Trinity House Depot (The Quay). Founded by Henry VIII in 1514, Trinity House is responsible for lights and buoys. There has been a Trinity House Depot in Harwich since 1812 and it is now the Operational Headquarters for England and Wales.
Previously the Headquarters were in Trinity Square, London next to Tower Hill and the depot was at Blackwall, London. The depot moved to Harwich in 1940.
The present offices (at the junction between West Street and the Quay) were built in 2005, when a new Buoy Yard was also constructed in George Street. There are frequently lightships moored in the harbour being serviced by the Depot.
Other premises on the Quay previously occupied by Trinity House are scheduled for redevelopment in accordance with the regeneration plan.
The Continental Pier was built in 1866 and was the terminus for the GER ships until Parkeston Quay opened in 1883. Shortly before 10pm on June 18th 1910, a disastrous fire occurred on the pier. on the Quay Front at Harwich, Groom’s timber yard imported vast quantities of Scandinavian timber which were unloaded directly into the harbour overboard from ships bringing them in. They were then chained to rafts and taken up the river to the saw mills at the back of Dovercourt railway station. Groom rented some of the sheds on the Continental Pier for storage, along with Godding the Malster.
It is not surprising that when fire broke out on the pier just before 10pm on June 17th 1910, at least £15,000 worth of damage was caused. The Harwich Fire Brigade was helped by the G.E.R. Brigade together with army and navy personnel. Considerable damage was caused by fire which was thought to have started amongst some sacks of overheated barley in part of the storage sheds. the pier was rebuilt in concrete in 1915.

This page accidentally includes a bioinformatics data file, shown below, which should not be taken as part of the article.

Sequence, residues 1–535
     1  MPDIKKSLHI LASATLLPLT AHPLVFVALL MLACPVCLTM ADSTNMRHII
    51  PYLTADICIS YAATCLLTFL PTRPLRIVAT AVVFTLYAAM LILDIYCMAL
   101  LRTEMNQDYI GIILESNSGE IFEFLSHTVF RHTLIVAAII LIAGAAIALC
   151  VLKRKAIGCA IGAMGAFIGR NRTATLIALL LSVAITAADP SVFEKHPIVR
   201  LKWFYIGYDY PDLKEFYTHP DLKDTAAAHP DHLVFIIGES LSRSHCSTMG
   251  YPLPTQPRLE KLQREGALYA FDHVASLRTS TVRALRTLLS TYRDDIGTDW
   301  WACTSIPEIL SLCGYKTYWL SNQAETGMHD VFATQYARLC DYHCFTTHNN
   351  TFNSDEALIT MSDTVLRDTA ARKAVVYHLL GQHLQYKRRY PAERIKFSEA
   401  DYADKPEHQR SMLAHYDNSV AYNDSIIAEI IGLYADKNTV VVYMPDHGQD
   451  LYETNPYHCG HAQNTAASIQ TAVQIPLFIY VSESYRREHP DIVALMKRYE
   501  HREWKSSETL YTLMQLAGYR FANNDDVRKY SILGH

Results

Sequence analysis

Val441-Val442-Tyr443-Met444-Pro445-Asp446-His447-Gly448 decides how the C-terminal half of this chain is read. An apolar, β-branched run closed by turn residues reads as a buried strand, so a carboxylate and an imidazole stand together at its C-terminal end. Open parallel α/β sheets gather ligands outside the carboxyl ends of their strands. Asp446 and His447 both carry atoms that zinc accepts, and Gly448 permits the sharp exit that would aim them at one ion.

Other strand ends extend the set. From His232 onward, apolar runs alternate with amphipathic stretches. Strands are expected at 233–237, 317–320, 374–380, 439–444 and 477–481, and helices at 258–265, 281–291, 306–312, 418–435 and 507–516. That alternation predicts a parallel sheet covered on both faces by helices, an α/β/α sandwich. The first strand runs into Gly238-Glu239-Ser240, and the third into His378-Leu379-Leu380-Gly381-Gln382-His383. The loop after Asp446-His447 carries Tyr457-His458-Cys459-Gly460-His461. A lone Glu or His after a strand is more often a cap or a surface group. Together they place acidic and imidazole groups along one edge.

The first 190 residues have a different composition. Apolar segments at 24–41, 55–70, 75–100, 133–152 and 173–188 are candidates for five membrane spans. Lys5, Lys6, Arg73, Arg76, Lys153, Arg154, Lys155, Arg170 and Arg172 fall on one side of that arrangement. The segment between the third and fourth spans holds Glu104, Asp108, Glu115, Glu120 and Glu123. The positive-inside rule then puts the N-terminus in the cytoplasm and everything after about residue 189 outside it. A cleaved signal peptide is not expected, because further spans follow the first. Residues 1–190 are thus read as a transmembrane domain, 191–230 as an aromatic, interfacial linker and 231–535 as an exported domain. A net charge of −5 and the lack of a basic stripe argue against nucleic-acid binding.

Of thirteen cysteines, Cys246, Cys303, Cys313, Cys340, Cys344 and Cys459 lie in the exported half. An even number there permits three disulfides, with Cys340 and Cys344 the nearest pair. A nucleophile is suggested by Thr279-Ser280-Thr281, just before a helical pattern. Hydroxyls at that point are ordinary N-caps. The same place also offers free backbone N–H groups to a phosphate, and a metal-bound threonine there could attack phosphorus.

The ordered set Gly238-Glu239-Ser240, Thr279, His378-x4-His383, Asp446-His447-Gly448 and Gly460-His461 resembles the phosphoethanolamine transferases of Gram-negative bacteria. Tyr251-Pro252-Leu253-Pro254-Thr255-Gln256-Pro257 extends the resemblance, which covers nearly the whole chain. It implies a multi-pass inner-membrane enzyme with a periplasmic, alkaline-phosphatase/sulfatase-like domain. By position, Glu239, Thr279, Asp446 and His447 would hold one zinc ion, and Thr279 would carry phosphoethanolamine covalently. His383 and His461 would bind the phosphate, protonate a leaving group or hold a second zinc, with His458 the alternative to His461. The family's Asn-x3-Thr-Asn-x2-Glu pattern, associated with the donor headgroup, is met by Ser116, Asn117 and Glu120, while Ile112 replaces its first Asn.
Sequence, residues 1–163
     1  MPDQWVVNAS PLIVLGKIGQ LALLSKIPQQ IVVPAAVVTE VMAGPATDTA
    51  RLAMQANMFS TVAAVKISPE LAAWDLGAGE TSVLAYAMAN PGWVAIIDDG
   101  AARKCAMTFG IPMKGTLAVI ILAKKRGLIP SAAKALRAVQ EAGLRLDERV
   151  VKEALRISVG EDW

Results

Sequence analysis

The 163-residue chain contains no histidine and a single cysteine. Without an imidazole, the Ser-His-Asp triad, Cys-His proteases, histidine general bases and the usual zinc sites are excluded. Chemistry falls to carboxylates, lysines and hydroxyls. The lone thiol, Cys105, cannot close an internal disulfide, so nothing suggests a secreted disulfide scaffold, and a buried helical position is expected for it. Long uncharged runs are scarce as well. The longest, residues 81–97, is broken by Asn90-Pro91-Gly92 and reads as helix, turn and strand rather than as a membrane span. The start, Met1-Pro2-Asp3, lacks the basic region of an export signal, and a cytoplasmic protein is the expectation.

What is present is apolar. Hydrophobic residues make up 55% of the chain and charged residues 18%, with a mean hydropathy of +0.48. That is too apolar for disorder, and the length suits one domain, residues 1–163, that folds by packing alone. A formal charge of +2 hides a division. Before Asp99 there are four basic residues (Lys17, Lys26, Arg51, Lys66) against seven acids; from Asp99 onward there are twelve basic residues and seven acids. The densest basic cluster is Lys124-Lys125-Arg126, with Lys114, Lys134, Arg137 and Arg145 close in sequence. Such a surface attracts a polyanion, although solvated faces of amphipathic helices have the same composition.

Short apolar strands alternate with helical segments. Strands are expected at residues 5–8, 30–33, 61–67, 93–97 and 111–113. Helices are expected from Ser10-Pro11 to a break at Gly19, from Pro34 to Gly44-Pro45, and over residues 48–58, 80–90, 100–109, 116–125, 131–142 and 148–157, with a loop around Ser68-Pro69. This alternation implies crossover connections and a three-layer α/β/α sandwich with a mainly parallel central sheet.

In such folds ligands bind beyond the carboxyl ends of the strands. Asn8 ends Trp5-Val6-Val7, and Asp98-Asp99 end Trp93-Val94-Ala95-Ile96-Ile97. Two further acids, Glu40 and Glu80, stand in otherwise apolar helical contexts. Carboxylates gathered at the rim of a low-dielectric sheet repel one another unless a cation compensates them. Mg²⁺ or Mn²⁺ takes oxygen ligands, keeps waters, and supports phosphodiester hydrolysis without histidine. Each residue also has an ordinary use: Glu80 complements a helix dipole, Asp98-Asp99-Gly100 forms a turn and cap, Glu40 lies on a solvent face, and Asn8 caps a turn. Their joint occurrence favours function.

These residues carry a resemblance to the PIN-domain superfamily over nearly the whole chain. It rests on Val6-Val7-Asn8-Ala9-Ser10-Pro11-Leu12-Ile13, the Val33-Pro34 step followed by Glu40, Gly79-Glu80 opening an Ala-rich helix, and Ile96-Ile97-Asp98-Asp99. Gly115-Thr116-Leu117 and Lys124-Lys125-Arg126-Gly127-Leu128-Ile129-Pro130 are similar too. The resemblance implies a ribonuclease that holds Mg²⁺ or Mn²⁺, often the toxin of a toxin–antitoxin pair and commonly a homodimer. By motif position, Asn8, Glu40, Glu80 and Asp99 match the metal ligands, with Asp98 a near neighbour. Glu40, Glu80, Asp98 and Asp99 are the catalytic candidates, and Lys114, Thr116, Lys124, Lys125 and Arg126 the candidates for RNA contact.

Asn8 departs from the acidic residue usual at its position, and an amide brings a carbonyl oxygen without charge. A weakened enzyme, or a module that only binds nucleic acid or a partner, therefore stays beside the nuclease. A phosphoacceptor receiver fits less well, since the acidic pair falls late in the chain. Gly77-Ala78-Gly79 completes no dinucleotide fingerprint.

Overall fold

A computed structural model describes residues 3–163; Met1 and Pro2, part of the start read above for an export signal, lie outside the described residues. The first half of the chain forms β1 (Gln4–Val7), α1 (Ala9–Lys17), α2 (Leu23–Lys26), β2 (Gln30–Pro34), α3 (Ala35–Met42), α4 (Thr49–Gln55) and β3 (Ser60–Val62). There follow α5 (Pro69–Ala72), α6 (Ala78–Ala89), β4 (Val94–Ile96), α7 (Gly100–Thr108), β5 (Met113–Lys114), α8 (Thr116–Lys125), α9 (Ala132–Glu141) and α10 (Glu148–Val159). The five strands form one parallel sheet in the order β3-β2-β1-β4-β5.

After the 1939-45 war the pier was taken over by Trinity House for buoy storage. In 1955 Trinity house started to replace the old Pier, the western length was demolished and a new pier constructed. the new pier was 32 ft. wide and 63 feet narrower than the old pier.
Trinity House lighthouse tender ships berth here. Best known of these is the Trinity House flagship ‘Patricia’. The fleet is currently being renewed with modern purpose built ships to service buoys, lighthouses and lightships throughout England and Wales and Northern Ireland.
Train Ferry Terminal
Train ferries formerly operated a daily service carrying rail trucks to Zeebrugge in Belgium. It was originally built by the Army at Richborough in Kent in the First World War for the conveying of stores and hospital trains to and from France. It was bought as a job lot (shore equipment and ships) by the LNER and brought to Harwich in 1923. The pontoon carrying the lifting gantry sank in the entrance to Harwich Harbour and had to be refloated using barrels.
The service was opened in April 1924 by Prince George (later the Duke of Kent) and operated by three ships (Train Ferry No 1, No 2 and No 3), only one of which (No 1) survived the Second World War.
New ships were built after the Second World War and the service continued until 1987 when it was transferred to Dover.
Over the years Harwich has seen many Train Ferries come and go sadly cost cutting feasibility studies were considered, these included basing all train ferry traffic through one English port. Sadly on geographical grounds Harwich did not stand a chance of winning the competition.
Christmas Eve 1986 saw Cambridge Ferry leave Harwich for the last time followed by Speedlink Vanguard on the 29th January 1987.
Gas House Creek
The creek beyond the Train Ferry Terminal is known as Gas House Creek. It previously gave access to the Gas Works (now demolished). It was formerly much used by fishermen, and was the site of Cann’s Yard where the finest Thames barges were built around 1900.